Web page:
The soda wars are always escalating, every time brands come out with a new flavor or formula, their competitors race to come out with a similar soda in their own lineup. That’s why we have so many versions of colas, root beers, fruit sodas, and other drinks.
Soda might not be very good for you, but as an occasional treat, it can be a great way to liven up your day or make a meal seem extra special.
In a world of fierce competition between different drink-making companies, seeing a company replace a classic and beloved recipe with a different one, but that’s exactly what happened with Sierra Mist and Starry.
Starry is the new replacement for the Sierra Mist and fans of the drink have some pretty mixed feelings on the new formula. Some people love the new drink, while others wish that the classic Sierra Mist formula would come back.
Since these are two drinks with a very similar formula, we’re not going to compare them in quite the same way as our normal comparison articles. We’ve also decided to highlight them head-to-head a little differently since you can’t get new Sierra Mist anymore.
So, let’s talk about the changes, what you can expect when you buy Starry, and everything else you need to know if you’re still deciding whether you want to bring Starry into your home.
What Was Sierra Mist?
Sierra Mist was one of the more popular lemon-lime sodas, with a distinctly sweet taste and a muted citrus flavor. It was a favorite among parents as an upset tummy cure for their kids, and a favorite among kids thanks to the fact that the no-caffeine formula made a lot of parents let their kids drink it younger.
One of the things that made Sierra Mist stand out from the crowd, at least after it was reformulated in 2012, was that the standard formula of the drink was made with cane sugar, which made it taste a bit sweeter and also gave it a different nutritional profile than other drinks.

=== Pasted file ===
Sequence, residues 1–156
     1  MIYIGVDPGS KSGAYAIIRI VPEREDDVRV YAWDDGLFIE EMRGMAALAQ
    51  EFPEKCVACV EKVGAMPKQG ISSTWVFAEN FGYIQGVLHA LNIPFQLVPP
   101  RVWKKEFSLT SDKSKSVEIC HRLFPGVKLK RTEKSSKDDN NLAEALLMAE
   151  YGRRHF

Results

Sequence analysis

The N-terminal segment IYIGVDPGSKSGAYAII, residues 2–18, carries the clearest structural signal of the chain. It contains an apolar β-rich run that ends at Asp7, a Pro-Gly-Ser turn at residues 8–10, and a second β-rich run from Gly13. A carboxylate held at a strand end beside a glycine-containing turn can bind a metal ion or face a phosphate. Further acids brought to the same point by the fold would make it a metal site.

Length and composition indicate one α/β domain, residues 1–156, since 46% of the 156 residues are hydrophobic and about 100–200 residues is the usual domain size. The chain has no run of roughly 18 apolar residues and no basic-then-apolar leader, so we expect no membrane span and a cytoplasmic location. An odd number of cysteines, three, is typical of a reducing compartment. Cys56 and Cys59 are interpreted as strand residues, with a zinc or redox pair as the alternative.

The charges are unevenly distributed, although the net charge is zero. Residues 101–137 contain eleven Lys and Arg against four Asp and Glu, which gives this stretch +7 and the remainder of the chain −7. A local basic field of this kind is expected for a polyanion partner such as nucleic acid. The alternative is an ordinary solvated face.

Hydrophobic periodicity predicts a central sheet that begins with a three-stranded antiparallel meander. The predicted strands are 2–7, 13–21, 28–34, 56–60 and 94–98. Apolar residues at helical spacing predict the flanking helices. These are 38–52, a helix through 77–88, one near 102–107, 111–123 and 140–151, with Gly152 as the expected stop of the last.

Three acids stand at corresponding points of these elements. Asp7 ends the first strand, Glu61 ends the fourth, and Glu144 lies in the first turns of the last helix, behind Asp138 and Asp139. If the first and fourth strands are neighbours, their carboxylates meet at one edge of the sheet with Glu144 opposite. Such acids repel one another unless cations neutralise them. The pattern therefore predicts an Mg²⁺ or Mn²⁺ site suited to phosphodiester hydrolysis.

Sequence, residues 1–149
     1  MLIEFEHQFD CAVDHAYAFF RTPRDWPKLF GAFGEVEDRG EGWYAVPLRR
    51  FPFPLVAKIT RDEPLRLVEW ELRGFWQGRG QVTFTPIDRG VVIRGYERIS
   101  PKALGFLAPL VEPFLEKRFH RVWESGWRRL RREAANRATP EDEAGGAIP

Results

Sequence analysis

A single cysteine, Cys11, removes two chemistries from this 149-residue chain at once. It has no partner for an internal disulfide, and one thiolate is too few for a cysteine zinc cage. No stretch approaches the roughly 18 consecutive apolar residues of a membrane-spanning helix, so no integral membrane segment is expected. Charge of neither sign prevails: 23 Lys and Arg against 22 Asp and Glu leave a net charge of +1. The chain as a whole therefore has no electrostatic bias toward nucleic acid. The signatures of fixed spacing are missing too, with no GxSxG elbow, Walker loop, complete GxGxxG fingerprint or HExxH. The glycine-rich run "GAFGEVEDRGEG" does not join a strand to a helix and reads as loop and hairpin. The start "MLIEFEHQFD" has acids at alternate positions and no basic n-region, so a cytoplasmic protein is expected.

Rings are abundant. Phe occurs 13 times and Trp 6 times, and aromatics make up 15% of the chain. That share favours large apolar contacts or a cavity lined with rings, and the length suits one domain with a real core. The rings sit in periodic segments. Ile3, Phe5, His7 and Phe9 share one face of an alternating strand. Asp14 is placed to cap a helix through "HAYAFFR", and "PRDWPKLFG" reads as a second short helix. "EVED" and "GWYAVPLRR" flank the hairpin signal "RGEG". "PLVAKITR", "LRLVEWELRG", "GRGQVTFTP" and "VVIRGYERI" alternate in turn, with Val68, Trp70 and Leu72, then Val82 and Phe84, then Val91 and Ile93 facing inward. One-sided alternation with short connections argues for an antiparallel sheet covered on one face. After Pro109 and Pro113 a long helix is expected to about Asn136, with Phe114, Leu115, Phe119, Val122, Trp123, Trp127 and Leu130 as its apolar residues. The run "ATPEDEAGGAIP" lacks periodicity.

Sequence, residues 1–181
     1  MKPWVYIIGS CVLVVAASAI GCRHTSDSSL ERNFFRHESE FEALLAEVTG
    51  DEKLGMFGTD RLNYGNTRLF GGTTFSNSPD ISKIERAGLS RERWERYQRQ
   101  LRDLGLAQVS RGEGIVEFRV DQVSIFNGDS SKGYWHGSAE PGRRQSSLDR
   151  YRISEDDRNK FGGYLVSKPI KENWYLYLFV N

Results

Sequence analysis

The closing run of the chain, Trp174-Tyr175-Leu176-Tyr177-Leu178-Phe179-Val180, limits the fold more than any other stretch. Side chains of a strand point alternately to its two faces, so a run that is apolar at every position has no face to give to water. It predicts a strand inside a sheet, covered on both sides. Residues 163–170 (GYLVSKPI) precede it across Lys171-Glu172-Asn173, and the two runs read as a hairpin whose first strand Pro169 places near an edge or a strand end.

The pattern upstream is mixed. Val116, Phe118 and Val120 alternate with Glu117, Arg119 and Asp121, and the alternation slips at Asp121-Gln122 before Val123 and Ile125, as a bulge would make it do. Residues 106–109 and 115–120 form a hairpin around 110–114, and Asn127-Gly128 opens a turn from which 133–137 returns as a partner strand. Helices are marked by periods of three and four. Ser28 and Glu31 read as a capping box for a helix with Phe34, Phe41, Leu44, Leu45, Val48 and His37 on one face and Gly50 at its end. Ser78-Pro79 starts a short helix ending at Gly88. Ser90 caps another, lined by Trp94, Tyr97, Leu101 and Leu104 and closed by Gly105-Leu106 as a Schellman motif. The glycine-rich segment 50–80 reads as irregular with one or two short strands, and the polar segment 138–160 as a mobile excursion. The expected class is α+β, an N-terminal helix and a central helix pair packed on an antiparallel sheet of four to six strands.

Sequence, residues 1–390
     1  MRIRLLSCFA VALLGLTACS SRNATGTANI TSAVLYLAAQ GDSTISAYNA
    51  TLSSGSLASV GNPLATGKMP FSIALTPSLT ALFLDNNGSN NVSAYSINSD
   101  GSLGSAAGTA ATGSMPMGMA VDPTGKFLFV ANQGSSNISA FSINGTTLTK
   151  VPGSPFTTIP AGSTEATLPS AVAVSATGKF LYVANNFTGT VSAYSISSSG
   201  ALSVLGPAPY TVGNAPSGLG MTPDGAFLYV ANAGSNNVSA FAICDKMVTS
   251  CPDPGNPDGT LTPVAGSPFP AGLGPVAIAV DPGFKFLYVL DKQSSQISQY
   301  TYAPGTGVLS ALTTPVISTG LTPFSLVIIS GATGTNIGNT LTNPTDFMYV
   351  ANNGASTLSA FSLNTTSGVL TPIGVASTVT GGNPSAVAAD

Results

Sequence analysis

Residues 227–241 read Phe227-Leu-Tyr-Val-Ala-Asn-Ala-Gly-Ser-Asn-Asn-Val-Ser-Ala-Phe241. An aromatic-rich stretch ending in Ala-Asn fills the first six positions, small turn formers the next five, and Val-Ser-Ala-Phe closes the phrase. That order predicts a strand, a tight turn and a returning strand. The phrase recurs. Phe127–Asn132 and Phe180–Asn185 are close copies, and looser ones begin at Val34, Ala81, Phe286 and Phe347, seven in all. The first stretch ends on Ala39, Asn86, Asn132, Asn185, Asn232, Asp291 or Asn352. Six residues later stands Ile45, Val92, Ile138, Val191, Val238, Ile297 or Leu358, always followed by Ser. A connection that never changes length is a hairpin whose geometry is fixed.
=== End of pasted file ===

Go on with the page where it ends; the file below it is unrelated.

Sierra Mist tasted sweeter than a lot of its competitors, including 7up and Sprite, but was noticeably less citrusy than either. For people who wanted a stronger flavor, Sierra Mist was never a favorite.
Other formulas of Sierra Mist called for stevia, and later corn syrup replaced sugar again in 2014, but neither formula gained much additional traction with consumers.
For dishes like the iconic 7Up angel food cake, Sierra Mist wasn’t a great alternative. The sweetness was the same, but the lack of citrus flavor meant that it didn’t taste much different from just using sugar as a sweetener instead of the soda.
Of the big three lemon-lime sodas before Sierra Mist was replaced with Starry, Sierra Mist consistently played 3rd fiddle to 7Up and Sprite, with Sprite consistently performing as the preferred drink of consumers.
Why Change The Recipe?
Since Sierra Mist wasn’t performing as well as the other lemon-lime drinks it makes sense that PepsiCo would want to change the formula, but rebranding was a surprising choice for a drink that had already gone through a couple of different iterations.
After all, if they were just going to switch from cane sugar to corn syrup, that had already been done, more than once, under the Sierra Mist brand name.
However, a recipe change wasn’t necessarily going to make as much of a difference as you might think. People shop with their eyes and their mind long before they actually taste a drink.
People who already had certain expectations of Sierra Mist might not notice a significant change in the flavor profile or recipe, even if the company launched an expensive marketing campaign to inform consumers.
Changing brands not only meant that PepsiCo has a chance to win over more customers from 7Up and Sprite, but it also means that people drinking the soda are a lot more likely to give it a fresh chance.
By changing the name and design of Starry, PepsiCo essentially made sure people would think this was a new soda, not just Sierra Mist 3.0.
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What Are The Differences Between Sierra Mist And Starry?
When you look at the ingredient lists of Sierra Mist and Starry you’ll notice that the two drinks are almost identical.
One of the biggest differences is that Sierra Mist was still available in the cane sugar formula, but Starry isn’t. Like most of their biggest competitors, PepsiCo went with high-fructose corn syrup over cane sugar.